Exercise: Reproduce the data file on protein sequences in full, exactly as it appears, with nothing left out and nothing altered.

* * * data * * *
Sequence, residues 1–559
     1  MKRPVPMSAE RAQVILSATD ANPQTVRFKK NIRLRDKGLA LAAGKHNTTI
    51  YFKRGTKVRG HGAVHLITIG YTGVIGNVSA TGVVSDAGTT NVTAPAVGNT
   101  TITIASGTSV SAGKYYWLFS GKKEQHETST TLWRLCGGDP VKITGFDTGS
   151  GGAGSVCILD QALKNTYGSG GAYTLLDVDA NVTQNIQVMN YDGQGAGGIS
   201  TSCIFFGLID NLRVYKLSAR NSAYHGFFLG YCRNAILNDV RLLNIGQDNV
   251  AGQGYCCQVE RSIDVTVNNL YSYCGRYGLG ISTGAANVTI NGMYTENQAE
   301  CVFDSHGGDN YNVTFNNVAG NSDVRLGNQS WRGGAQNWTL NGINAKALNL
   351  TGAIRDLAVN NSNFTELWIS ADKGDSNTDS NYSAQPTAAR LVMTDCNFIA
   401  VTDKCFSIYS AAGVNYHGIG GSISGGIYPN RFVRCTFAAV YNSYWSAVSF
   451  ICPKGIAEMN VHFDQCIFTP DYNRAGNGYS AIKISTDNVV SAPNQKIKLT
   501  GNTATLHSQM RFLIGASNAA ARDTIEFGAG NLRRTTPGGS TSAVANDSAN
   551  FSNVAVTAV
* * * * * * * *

Sequence, residues 1–559
     1  MKRPVPMSAE RAQVILSATD ANPQTVRFKK NIRLRDKGLA LAAGKHNTTI
    51  YFKRGTKVRG HGAVHLITIG YTGVIGNVSA TGVVSDAGTT NVTAPAVGNT
   101  TITIASGTSV SAGKYYWLFS GKKEQHETST TLWRLCGGDP VKITGFDTGS
   151  GGAGSVCILD QALKNTYGSG GAYTLLDVDA NVTQNIQVMN YDGQGAGGIS
   201  TSCIFFGLID NLRVYKLSAR NSAYHGFFLG YCRNAILNDV RLLNIGQDNV
   251  AGQGYCCQVE RSIDVTVNNL YSYCGRYGLG ISTGAANVTI NGMYTENQAE
   301  CVFDSHGGDN YNVTFNNVAG NSDVRLGNQS WRGGAQNWTL NGINAKALNL
   351  TGAIRDLAVN NSNFTELWIS ADKGDSNTDS NYSAQPTAAR LVMTDCNFIA
   401  VTDKCFSIYS AAGVNYHGIG GSISGGIYPN RFVRCTFAAV YNSYWSAVSF
   451  ICPKGIAEMN VHFDQCIFTP DYNRAGNGYS AIKISTDNVV SAPNQKIKLT
   501  GNTATLHSQM RFLIGASNAA ARDTIEFGAG NLRRTTPGGS TSAVANDSAN
   551  FSNVAVTAV